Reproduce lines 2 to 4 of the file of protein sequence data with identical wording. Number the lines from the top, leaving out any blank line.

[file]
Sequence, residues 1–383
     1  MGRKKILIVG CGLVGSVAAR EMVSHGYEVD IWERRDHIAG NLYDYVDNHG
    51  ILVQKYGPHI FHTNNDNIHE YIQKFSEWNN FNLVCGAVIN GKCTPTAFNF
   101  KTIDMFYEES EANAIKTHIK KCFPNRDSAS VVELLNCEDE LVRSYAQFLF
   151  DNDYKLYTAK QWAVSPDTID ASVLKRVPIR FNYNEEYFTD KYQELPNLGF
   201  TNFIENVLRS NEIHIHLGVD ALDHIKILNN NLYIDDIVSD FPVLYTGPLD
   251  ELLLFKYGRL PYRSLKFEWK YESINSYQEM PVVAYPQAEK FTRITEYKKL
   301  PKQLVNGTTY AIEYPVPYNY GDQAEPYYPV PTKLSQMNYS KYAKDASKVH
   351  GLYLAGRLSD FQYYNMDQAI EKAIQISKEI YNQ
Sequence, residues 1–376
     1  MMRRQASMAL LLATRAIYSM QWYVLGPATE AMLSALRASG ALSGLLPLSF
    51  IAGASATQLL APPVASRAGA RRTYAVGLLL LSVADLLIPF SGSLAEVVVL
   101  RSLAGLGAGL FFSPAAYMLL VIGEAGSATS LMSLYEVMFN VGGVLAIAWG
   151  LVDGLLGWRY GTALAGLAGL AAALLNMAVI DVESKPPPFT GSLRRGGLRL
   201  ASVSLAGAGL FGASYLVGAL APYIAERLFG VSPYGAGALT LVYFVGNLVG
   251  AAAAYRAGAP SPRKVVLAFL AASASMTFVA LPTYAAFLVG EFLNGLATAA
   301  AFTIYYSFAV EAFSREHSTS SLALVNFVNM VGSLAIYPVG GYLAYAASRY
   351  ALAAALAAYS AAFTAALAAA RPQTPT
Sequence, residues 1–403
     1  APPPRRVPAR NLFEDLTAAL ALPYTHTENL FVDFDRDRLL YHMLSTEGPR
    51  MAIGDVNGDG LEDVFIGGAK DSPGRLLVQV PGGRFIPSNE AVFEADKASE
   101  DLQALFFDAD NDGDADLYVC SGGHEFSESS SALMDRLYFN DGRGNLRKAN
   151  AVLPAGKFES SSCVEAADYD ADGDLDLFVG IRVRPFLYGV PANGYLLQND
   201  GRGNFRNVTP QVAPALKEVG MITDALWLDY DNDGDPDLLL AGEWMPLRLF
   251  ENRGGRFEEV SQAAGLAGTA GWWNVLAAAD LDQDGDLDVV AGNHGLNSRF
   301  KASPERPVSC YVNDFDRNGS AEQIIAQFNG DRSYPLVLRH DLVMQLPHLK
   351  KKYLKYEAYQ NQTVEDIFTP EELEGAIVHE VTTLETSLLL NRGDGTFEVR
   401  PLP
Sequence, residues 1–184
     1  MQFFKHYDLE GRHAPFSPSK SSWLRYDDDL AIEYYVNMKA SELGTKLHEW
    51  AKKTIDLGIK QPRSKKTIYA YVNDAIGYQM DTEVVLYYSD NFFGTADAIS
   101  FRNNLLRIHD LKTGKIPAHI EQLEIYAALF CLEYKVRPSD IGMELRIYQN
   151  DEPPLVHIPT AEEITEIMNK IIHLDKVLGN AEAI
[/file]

     1  MGRKKILIVG CGLVGSVAAR EMVSHGYEVD IWERRDHIAG NLYDYVDNHG
    51  ILVQKYGPHI FHTNNDNIHE YIQKFSEWNN FNLVCGAVIN GKCTPTAFNF
   101  KTIDMFYEES EANAIKTHIK KCFPNRDSAS VVELLNCEDE LVRSYAQFLF